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CANTO V

The faithfull knight in equall field

subdewes his faithlesse foe, Whom false Duessa saves, and for

his cure to hell does goe.

I

The noble hart, that harbours vertuous thought,

And is with child of glorious great intent,
Can never rest, untill it forth have brought
Th' eternall brood of glorie excellent.
Such restlesse passion did all night torment
The flaming corage of that Faery knight,
Devizing, how that doughtie turnament

With greatest honour he atchieven might;
Still did he wake, and still did watch for dawning light.

II

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At last the golden Orientall gate,

Of greatest heaven gan to open faire,
And Phoebus fresh, as bridegrome to his mate,
Came dauncing forth, shaking his deawie haire :
And hurls his glistring beams through gloomy aire.
Which when the wakeful Elfe perceiv'd, streightway
He started up, and did him selfe prepaire,

In sunbright armes, and battailous array:
For with that Pagan proud he combat will that day.

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G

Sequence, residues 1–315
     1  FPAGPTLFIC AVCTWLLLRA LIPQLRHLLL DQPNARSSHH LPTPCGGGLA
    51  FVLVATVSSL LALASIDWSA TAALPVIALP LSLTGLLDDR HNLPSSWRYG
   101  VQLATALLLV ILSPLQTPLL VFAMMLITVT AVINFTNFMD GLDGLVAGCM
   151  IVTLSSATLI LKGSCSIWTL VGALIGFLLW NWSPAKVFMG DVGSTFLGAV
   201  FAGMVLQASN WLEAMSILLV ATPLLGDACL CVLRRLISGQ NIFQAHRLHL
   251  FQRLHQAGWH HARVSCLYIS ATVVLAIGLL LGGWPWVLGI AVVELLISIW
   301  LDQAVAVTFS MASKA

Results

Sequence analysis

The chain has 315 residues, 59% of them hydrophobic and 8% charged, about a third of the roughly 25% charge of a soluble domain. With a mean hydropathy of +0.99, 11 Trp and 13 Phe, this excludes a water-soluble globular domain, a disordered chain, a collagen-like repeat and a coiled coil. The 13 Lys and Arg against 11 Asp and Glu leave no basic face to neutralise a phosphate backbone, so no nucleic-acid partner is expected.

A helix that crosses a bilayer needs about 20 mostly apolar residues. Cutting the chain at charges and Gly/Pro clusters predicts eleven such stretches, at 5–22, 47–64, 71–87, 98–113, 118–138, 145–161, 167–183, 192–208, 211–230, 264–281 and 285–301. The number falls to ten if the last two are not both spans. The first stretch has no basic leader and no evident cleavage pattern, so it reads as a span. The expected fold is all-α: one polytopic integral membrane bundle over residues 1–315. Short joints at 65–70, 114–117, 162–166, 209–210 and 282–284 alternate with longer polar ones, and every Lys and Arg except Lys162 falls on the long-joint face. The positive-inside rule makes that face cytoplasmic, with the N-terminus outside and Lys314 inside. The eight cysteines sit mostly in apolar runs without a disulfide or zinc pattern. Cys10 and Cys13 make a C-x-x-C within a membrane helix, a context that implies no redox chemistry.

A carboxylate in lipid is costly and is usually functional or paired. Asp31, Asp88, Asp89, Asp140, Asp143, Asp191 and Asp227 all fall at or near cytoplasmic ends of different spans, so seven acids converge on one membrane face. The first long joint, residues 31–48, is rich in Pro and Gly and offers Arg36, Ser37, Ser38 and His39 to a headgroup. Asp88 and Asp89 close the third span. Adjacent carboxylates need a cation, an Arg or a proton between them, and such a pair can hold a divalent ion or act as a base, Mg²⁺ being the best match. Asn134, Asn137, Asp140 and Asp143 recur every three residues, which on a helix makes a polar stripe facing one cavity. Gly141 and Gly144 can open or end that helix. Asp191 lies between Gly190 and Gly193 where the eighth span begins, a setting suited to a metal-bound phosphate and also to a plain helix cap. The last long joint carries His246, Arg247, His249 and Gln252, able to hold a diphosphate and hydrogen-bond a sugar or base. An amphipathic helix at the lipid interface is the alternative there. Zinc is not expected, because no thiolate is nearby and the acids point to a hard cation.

III

20

And forth he comes into the commune hall,

Where earely waite him many a gazing eye,
To weet what end to straunger knights may fall.
There many Minstrales maken melody,
To drive away the dull melancholy,
And many Bardes, that to the trembling chord
Can tune their timely voyces cunningly,
And

many Chroniclers that can record
Old loves, and warres for Ladies doen by many a Lord.

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IV

30

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Soone after comes the cruell Sarazin,

In woven maileo all armed warily,
And sternly lookes at him, who not a pin
Does care for looke of living creatures eye.
They bring them wines of Greece and Araby,
And daintie spices fetcht from furthest Ynd, o
To kindle heat of corage privily :

And in the wine a solemne oth they bynd
T observe the sacred lawes of armes, that are assynd.

35

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40

At last forth comes that far renowmed Queene,

With royall pomp and Princely majestie ;
She is ybrought unto a paled greene, o